Need help for generating tag files for source code - Help

This is a discussion on Need help for generating tag files for source code - Help ; hi all, I am a fresher to Linux. Actually I want to get a list of all the function calls made in C, C++ source files. we can obtain list of all function definitions in C/c++ source files using ctags. ...

+ Reply to Thread
Results 1 to 4 of 4

Thread: Need help for generating tag files for source code

  1. Need help for generating tag files for source code

    hi all,
    I am a fresher to Linux. Actually I want to get a list
    of all the function calls made in C, C++ source files.
    we can obtain list of all function definitions in C/c++
    source files using ctags. Any other utility available
    on linux that can give the list of all function calls
    invoked in source files?

    thanks in advance
    Prasanna Bhat Mavinkuli

  2. Re: Need help for generating tag files for source code

    boss_bhat@yahoo.co.in (prasanna bhat mavinkuli) writes:

    > hi all,
    > I am a fresher to Linux. Actually I want to get a list
    > of all the function calls made in C, C++ source files.
    > we can obtain list of all function definitions in C/c++
    > source files using ctags. Any other utility available
    > on linux that can give the list of all function calls
    > invoked in source files?


    Check out cscope.

    --
    Måns Rullgård
    mru@inprovide.com

  3. Re: Need help for generating tag files for source code

    prasanna bhat mavinkuli wrote:
    > I am a fresher to Linux. Actually I want to get a list
    > of all the function calls made in C, C++ source files.
    > we can obtain list of all function definitions in C/c++
    > source files using ctags. Any other utility available
    > on linux that can give the list of all function calls
    > invoked in source files?


    Do you mean all functions that are referenced in the C code
    or do you mean all functions that in a run of the program
    are called? The latter is a question that can't be answered
    generally, since what functions get invoked can depend on
    how the program gets started or on external input it receives.
    With something as simple as

    #include

    void func_a( void ) {
    printf( "Program was called with no arguments\n" );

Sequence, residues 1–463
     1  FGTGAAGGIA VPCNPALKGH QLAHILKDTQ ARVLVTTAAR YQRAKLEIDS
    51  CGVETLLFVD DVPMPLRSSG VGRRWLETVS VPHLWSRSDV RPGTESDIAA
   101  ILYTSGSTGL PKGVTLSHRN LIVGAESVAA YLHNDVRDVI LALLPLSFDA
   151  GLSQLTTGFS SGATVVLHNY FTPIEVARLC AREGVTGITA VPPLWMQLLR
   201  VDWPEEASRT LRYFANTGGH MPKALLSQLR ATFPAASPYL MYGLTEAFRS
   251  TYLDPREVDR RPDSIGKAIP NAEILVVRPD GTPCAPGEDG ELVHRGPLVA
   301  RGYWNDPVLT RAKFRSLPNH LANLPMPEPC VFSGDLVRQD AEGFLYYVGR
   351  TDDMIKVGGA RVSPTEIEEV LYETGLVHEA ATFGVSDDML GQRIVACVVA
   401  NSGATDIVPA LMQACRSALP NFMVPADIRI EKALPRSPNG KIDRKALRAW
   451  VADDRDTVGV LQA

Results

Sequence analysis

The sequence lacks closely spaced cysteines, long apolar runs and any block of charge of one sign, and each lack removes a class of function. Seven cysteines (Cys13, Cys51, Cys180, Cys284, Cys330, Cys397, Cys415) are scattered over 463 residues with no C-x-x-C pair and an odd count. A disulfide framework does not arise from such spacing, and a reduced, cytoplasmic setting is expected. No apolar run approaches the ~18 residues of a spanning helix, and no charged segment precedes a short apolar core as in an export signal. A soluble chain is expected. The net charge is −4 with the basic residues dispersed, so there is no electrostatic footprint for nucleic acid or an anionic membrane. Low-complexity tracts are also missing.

}

    void func_b( void ) {
    printf( "Program was called with at least one argument\n" );
    }

    int main( int argc, char *argv[ ] ) {
    if ( argc <= 1 )
    func_a( );
    else
    func_b( );
    return 0;
    }

    you already can't tell. But even the first question can be hard
    to answer when function pointers are used. E.g.

    #include

    void func_a( void ) {
    printf( "Program was called with no arguments\n" );
    }

    void func_b( void ) {
    printf( "Program was called with at least one argument\n" );
    }

    int main( int argc, char *argv[ ] ) {
    void ( *f )( void );
    f = argc <= 1 ? func_a : func_b;
    f( );
    return 0;
    }

    makes it hard to automatically detect if func_a() or func_b() are
    actually used at all (here it's still rather obvious, but things
    can get a lot more complicated). Moreover, a function can be defined
    in one source file but only used from a different one. Even the
    compiler can't find out then - gcc has the '-funused-function' option
    to warn you about function that are declared as static but aren't used,
    but that's as far as you can get with a compiler (since it always only
    sees a single souce file). If e.g. a functions address is assigned to
    a function pointer and this one is passed to a function in a different
    C source file it's impossible to say what function is going to be in-
    voked by just looking at source file where the function pointer is used
    to call the function. Only the linker would be able to tell which of
    the symbols it found in the object files are never used. So writing
    such a tool would definitely not be simple and would need to know all
    about the commands used to create the final executable. Your best
    chance is probably using a profiler that creates a list of which func-
    tion where called how often (and how much time was spent in the
    functions). But, of course, if the flow of control in the program
    depends on external input the list might differ from invocation to
    invocation.
    Regards, Jens
    --
    \ Jens Thoms Toerring ___ Jens.Toerring@physik.fu-berlin.de
    \__________________________ http://www.toerring.de

  4. Re: Need help for generating tag files for source code

    On 28 Mar 2005 02:34:13 -0800, boss_bhat@yahoo.co.in (prasanna bhat
    mavinkuli) wrote:

    >we can obtain list of all function definitions in C/c++
    >source files using ctags.


    ...."we" as in those of us taking this class that want you do do our
    homework for us?

    --
    Joe Zeff
    The Guy With the Sideburns
    "Always there are two, the BOFH and the PFY."
    http://www.lasfs.org http://home.earthlink.net/~sidebrnz

+ Reply to Thread